13. Just to restate the obvious, there are actually two questions at play: What types of accounts can 403b accounts be rolled into? We all know you can roll 403b accounts over when employment is terminated, but are there loopholes associated with simultaneously having multiple employers or simultaneously running your own business? The answers for #1 are obtained very easily. I'm not sure about #2. My gut tells me that you have to terminate employment regardless of whether you're working another job or running your own business. Please report back if you find a definitive answer. I suspect the answer may depend on the plans the district negotiated with the vendors...but I also think those agreements are pretty uniform across the country.
  14. I feel comfortable emphasizing fees because: I think everybody understands that the amount of money they save (or don't save) is critical. I think most people perceive excessive fees to be small because 2% isn't a "big" number, when in reality we know it steals more than half of your real investment returns. Fees are the #1 predictor of returns. The formula is simple: Invest in total market index funds with fees somewhere between 0% - 0.17% (roughly). Invest in international and domestic stocks (pick a split and stick with it). Invest in enough bonds so that when stocks go down you don't do something stupid. Reject consumerism and materialism. Take the excess money from each paycheck and buy more investments regardless of what the market is doing. Never sell until you need money in retirement. Reject the fantasy that you can predict anything in the short to medium term when it comes to the stock market.
  15. whyme is 100% correct. If you want to read just a little bit more about those very topics then check out the Investing 101 page I wrote.
  16. Fidelity is arguably the best plan in the nation, with Vanguard being the only competition. If I were in your situation, I’d absolutely rollover the existing 403b to Fidelity. I documented their plan here.
  17. It looks like you'll need to be in the top 5% of earners to hit this goal and if you're at the bottom of that window then you better live in a cheap part of the country. https://www.investopedia.com/personal-finance/how-much-income-puts-you-top-1-5-10/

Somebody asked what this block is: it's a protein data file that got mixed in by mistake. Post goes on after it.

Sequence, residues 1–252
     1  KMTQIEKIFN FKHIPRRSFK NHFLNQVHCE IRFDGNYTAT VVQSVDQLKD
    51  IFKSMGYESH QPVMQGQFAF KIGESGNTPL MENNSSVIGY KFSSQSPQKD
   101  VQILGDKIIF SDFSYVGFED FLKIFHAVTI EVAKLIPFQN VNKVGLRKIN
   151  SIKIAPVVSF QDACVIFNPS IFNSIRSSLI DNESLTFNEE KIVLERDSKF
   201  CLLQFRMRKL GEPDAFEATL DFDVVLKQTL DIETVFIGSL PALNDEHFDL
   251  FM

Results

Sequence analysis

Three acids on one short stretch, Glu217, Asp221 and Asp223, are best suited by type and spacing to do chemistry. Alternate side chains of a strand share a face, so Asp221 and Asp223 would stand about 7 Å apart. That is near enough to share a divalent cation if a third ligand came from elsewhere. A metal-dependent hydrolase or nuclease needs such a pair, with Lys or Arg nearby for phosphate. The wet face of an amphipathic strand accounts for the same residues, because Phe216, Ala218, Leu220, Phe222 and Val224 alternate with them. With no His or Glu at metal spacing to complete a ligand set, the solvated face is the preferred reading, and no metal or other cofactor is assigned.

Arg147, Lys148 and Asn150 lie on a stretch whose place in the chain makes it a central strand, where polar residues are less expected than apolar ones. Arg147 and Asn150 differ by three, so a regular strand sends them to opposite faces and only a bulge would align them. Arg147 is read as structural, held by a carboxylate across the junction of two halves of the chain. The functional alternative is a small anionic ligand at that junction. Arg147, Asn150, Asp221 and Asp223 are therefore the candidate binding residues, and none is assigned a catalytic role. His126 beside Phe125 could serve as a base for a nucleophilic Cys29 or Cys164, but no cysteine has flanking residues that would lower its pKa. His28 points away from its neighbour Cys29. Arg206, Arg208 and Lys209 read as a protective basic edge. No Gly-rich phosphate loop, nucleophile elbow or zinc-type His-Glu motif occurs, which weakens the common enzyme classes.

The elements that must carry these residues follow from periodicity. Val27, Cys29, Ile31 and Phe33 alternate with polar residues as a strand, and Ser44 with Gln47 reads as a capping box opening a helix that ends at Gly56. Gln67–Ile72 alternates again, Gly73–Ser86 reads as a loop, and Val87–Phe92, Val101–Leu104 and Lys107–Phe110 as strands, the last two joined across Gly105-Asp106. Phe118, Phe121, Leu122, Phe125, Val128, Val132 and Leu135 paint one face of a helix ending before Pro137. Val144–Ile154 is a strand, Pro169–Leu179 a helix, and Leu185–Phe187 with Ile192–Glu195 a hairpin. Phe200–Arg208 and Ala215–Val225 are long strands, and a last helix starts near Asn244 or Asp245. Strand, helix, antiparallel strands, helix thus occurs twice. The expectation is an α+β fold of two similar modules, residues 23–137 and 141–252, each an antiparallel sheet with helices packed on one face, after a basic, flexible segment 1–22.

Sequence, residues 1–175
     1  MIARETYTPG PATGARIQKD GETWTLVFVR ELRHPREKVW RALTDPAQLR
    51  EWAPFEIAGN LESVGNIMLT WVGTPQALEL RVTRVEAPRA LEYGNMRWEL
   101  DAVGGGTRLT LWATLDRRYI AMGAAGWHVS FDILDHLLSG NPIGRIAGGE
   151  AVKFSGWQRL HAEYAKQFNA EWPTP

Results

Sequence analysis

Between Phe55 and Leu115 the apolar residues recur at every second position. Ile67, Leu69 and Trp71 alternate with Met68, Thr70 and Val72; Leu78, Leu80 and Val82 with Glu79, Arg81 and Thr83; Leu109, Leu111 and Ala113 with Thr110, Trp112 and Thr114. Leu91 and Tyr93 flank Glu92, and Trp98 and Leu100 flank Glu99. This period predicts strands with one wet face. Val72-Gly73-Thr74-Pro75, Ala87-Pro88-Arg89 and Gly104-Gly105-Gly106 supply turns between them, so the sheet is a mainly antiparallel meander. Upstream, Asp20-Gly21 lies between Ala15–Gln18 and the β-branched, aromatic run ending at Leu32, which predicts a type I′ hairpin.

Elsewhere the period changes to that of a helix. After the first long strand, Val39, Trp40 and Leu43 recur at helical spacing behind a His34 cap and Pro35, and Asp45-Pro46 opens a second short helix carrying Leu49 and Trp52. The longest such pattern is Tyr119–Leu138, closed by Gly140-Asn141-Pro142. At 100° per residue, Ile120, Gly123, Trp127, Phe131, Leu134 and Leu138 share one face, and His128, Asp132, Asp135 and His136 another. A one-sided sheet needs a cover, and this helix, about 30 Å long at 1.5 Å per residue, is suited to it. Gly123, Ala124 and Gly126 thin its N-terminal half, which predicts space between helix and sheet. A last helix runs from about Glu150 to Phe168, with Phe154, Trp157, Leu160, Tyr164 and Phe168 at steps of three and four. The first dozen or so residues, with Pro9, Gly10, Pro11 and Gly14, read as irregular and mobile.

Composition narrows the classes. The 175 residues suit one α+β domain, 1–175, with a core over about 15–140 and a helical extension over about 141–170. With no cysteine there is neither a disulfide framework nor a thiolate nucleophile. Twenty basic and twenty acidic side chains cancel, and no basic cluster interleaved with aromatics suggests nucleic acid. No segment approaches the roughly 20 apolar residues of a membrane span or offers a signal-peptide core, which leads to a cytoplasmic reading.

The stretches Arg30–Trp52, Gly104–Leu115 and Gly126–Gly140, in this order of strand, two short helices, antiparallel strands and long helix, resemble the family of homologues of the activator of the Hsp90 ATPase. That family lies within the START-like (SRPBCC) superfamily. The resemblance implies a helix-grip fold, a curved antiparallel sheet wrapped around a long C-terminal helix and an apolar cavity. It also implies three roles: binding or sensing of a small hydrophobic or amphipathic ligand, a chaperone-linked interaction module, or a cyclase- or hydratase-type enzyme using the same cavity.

18. The phrasing around FIRE drives me nuts. Was hard work and sacrifice at play, maybe? Was there a bigger factor in saving a million dollars in five years? Absolutely, otherwise we’d have a lot more millionaires running around.
  19. Thanks Steve, I actually just emailed them today. Hopefully, I'll hear back soon.
  20. Just echoing the previous responses. I documented Security Benefit’s NEA DirectInvest plan here. I documented the specific steps I had to go through to enroll here. Blindly investing in something you don’t understand is a great way to be taken advantage of. So I’m going to assume you also want to understand investing. Please read the Investing 101 page I wrote and come back with some questions. It is a quick read that explains the heart of what you need to know, the only thing it doesn’t cover is the types of accounts that exist.
  21. This is the docile attitude that allows the 403b/457b mess to persist. One of the greatest Americans to ever live taught us very plainly that, "Power concedes nothing without a demand. It never did and it never will." OCPS (FL) didn't "want" to add Vanguard and Fidelity when I initially ask and they certainly didn't feel like they "needed" to. However, they relented when I refused to drop the issue. This is just how power dynamics work. If you're quiet and accepting, you'll be taken advantage of.
  22. In my experience it takes the same amount of effort to add any vendor. So choosing to add a vendor that is inferior to Vanguard and Fidelity is not a wise decision. Adding Vanguard and Fidelity to OCPS (FL) was in no way more difficult than it would have been to add Aspire. There is nothing unrealistic about accomplishing this, at all. ...if in some districts adding vendors takes varying amounts of difficulty, then it wouldn't be wise to begin with the inferior choice. Start with the best and work your way down from there.
  23. I just wanted to endorse what Krow said. Also, even if "all" you were being charged was 1%, that is absolutely egregious.
  24. If you're going to go through the process of getting a vendor added to the list, and I highly encourage you to do that, then do not put effort into adding Aspire. Put all of your effort into adding Vanguard and Fidelity. Aspire is needlessly more expensive than both Vanguard and Fidelity. I got OCPS (FL) to add both Vanguard and Fidelity to their list of vendors. I wrote about that in a few blog posts. I'd be more than happy to help you navigate the process.
  25. Security Benefit's NEA DirectInvest is an elite 403b plan. I enrolled my ex-wife in that very plan. I documented the details of the plan here. I documented the exact steps to enroll in the plan through OCPS (FL) here. You may benefit from reading the Investing 101 page I wrote here. Sadly this plan isn't offered as a 457b, so if you're able to max out the 403b then your next best option for the 457b is Aspire, which I documented here.